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A History of the Seven Realms

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The Seven Realms Series is set in a traditional fantasy world of medieval technology, swordplay, castles and keeps.

The action takes place in and around The Seven Realms—seven loosely-related realms once ruled by the Gray Wolf Queens and their wizard consorts or kings.  The Seven Realms include the mountainous queendom of the Fells, the kingdom of Tamron, the kingdom of Arden, the southern kingdoms of Bruinswallow and We’enhaven, the Southern Islands, and the Northern Islands.

Photo of a marsh in Yellowstone National Park.
(actually Yellowstone National Park)
The Shivering Fens, a marshy country west of the Fells, have never been totally independent, having been claimed by Tamron and the Fells at different points in history. The Waterwalker people of the Fens consider themselves independent, and relations with the other Realms have been rocky.

animated movie of a boiling spring
(actually Yellowstone National Park)
At one time, all of the Seven Realms were ruled by the Gray Wolf queens, whose seat of power was located in Fellsmarch, capital city of the Fells. Fellsmarch is located in a high mountain valley or park known as the Vale. The Vale is situated high in the Spirit Mountains, home of the upland clans. Flatlanders to the south claim that both the Vale and the Spirits are infested with sorcery and dangerous magic. The mountain landscape is studded with hot springs and geysers, which moderate the harsh northern winters.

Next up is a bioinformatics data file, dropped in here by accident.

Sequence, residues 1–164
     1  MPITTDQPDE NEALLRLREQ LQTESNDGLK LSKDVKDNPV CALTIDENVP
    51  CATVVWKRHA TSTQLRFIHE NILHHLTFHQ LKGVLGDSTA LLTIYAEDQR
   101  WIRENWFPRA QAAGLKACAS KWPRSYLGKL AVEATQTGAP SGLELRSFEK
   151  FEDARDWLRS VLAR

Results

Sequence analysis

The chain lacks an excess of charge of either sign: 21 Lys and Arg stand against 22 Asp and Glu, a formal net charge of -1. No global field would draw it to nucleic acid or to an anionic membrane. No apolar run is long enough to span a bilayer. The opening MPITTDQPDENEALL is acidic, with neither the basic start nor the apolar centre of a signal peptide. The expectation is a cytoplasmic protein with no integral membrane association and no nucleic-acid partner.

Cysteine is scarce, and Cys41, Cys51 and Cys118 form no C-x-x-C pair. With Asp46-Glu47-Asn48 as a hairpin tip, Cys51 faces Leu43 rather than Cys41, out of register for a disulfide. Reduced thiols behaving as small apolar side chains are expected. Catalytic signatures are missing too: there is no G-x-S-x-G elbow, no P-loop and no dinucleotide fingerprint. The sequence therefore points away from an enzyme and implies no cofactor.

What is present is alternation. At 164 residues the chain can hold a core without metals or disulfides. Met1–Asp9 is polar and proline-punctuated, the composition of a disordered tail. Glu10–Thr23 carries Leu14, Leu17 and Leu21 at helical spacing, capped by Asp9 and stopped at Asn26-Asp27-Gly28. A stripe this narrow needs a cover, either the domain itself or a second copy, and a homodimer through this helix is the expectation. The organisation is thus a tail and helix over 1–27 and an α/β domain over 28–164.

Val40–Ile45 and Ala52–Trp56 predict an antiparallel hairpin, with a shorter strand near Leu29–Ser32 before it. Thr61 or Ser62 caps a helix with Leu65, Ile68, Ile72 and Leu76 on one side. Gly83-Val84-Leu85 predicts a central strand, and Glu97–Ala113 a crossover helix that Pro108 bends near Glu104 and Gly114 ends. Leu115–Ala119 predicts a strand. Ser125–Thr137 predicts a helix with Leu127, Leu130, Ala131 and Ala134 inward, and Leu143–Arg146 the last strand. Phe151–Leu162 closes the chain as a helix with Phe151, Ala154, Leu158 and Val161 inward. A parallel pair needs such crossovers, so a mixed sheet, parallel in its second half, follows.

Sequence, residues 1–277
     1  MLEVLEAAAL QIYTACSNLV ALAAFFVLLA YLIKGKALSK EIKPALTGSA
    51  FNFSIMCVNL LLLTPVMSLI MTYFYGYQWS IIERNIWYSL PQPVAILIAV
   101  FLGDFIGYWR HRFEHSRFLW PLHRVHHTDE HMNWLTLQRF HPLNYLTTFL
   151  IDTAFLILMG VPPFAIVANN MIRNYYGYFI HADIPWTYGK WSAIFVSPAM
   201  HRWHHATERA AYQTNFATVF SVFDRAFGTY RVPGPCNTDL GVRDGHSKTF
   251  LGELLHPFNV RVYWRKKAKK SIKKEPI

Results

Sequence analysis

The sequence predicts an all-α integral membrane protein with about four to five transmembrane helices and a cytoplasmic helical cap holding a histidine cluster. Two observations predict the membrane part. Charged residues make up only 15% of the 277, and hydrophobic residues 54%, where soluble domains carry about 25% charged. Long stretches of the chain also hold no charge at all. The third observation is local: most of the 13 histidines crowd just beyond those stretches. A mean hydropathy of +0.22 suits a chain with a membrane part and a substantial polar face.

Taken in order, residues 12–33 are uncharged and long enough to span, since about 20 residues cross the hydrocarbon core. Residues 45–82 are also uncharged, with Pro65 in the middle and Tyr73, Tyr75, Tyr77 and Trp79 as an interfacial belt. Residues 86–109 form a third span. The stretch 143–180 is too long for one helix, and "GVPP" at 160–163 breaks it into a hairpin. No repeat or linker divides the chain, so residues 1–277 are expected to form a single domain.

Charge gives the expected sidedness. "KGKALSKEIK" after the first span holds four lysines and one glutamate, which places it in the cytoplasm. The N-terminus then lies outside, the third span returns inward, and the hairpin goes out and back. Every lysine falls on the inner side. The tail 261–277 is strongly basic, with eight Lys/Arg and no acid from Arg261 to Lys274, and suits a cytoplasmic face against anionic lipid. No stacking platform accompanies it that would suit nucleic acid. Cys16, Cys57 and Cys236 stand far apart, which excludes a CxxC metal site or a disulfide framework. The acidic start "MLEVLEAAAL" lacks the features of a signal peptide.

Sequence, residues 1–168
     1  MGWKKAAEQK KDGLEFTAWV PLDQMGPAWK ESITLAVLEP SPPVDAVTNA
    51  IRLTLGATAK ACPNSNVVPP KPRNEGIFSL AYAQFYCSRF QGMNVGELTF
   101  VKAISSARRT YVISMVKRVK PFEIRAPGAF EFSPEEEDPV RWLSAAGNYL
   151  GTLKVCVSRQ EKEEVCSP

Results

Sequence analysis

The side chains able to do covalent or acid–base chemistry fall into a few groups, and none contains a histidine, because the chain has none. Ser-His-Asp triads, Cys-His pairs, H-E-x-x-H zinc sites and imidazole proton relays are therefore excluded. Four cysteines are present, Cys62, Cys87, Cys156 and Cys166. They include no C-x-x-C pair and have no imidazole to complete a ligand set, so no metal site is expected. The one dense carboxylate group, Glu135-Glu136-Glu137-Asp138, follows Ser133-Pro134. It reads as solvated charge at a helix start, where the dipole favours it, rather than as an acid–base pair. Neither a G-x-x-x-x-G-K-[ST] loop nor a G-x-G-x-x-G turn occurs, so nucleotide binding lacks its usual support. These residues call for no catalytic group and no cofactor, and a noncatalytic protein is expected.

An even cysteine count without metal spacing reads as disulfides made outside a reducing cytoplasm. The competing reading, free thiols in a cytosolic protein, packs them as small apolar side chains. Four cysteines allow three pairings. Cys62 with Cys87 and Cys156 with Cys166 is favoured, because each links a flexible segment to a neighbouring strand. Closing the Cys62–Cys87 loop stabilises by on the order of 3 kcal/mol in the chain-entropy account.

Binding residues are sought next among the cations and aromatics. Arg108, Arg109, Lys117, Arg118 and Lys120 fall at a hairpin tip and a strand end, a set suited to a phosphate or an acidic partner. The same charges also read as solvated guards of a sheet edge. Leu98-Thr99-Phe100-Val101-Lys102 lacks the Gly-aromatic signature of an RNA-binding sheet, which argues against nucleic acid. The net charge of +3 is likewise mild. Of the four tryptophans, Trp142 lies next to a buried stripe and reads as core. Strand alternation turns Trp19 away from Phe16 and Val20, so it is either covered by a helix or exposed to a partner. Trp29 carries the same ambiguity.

The Gray Wolf queens ruled in a loose alliance with the upland clans. The clans are practitioners of earth magic and masters of materials: they are masters of healing, medicines, and the makers of the amulets and other magical tools and weapons that allow wizards to use their power.

Wizards have native magical ability that must be collected and channeled through amulets in order to do sophisticated charmcasting. Targeted charmcasting also requires spoken spells.

Wizards are able to recognize the aura of magic in others with the gift, especially when it is unfocused and unchanneled by an amulet. A skilled wizard with an amulet continually stores accumulating power in his/her amulet, and is able to conceal his aura if he takes hold of his amulet. Non-wizards don’t see these auras.